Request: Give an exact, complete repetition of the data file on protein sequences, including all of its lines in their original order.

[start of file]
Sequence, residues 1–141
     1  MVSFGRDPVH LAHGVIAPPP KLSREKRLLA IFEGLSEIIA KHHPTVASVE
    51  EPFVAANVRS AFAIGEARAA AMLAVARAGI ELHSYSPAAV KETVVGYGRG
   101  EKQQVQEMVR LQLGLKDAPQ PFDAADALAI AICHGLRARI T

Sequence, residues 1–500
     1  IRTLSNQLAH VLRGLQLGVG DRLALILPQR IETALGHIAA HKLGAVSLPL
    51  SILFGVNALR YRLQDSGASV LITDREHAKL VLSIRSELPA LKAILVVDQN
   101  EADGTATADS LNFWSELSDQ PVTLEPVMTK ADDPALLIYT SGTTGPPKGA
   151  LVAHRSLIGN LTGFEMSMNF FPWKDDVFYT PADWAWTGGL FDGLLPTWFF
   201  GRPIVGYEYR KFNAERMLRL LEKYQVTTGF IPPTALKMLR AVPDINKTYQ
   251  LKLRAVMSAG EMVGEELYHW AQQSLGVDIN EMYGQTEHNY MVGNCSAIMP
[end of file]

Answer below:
Sequence, residues 1–141
     1  MVSFGRDPVH LAHGVIAPPP KLSREKRLLA IFEGLSEIIA KHHPTVASVE
    51  EPFVAANVRS AFAIGEARAA AMLAVARAGI ELHSYSPAAV KETVVGYGRG
   101  EKQQVQEMVR LQLGLKDAPQ PFDAADALAI AICHGLRARI T

Sequence, residues 1–500
     1  IRTLSNQLAH VLRGLQLGVG DRLALILPQR IETALGHIAA HKLGAVSLPL
    51  SILFGVNALR YRLQDSGASV LITDREHAKL VLSIRSELPA LKAILVVDQN
   101  EADGTATADS LNFWSELSDQ PVTLEPVMTK ADDPALLIYT SGTTGPPKGA
   151  LVAHRSLIGN LTGFEMSMNF FPWKDDVFYT PADWAWTGGL FDGLLPTWFF
   201  GRPIVGYEYR KFNAERMLRL LEKYQVTTGF IPPTALKMLR AVPDINKTYQ
   251  LKLRAVMSAG EMVGEELYHW AQQSLGVDIN EMYGQTEHNY MVGNCSAIMP